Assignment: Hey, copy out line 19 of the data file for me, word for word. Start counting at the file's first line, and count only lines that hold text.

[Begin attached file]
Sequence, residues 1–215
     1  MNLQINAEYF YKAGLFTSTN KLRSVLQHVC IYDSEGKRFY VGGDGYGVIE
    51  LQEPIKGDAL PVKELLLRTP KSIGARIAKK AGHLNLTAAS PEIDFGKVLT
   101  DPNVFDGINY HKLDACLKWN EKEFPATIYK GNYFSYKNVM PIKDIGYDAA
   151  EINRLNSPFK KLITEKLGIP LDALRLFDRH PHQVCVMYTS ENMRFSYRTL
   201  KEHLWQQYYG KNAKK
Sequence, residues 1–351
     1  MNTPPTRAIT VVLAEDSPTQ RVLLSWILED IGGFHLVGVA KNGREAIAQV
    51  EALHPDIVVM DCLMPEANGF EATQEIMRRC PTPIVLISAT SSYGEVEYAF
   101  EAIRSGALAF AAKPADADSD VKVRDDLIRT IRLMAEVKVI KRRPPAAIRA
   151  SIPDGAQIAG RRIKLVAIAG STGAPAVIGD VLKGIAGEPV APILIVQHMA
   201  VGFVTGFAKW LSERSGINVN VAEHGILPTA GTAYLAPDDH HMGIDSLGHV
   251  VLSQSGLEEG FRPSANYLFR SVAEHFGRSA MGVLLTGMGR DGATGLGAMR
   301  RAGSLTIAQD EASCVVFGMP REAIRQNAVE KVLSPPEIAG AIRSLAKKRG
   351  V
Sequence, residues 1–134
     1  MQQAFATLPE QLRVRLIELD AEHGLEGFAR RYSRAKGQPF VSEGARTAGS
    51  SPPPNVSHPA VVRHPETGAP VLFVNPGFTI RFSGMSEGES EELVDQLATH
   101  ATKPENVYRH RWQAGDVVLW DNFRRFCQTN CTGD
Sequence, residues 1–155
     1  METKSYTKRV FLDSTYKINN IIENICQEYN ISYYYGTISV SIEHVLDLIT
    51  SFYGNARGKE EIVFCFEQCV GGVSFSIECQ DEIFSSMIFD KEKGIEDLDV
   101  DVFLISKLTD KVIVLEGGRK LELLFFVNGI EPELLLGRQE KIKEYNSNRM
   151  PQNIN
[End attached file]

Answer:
   101  ATKPENVYRH RWQAGDVVLW DNFRRFCQTN CTGD